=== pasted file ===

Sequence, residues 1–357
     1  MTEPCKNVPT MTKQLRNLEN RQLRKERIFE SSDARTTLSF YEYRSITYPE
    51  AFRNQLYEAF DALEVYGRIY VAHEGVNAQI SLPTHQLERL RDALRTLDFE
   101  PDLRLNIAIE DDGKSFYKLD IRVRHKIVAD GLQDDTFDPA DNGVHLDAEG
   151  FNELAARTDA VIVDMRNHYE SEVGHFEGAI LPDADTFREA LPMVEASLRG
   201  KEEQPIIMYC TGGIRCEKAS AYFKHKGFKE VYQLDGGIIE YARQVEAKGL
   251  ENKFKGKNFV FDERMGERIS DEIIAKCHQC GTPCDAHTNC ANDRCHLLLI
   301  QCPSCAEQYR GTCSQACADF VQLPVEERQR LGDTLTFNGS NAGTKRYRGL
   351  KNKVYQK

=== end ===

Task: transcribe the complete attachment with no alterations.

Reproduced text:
Sequence, residues 1–357
     1  MTEPCKNVPT MTKQLRNLEN RQLRKERIFE SSDARTTLSF YEYRSITYPE
    51  AFRNQLYEAF DALEVYGRIY VAHEGVNAQI SLPTHQLERL RDALRTLDFE
   101  PDLRLNIAIE DDGKSFYKLD IRVRHKIVAD GLQDDTFDPA DNGVHLDAEG
   151  FNELAARTDA VIVDMRNHYE SEVGHFEGAI LPDADTFREA LPMVEASLRG
   201  KEEQPIIMYC TGGIRCEKAS AYFKHKGFKE VYQLDGGIIE YARQVEAKGL
   251  ENKFKGKNFV FDERMGERIS DEIIAKCHQC GTPCDAHTNC ANDRCHLLLI
   301  QCPSCAEQYR GTCSQACADF VQLPVEERQR LGDTLTFNGS NAGTKRYRGL
   351  KNKVYQK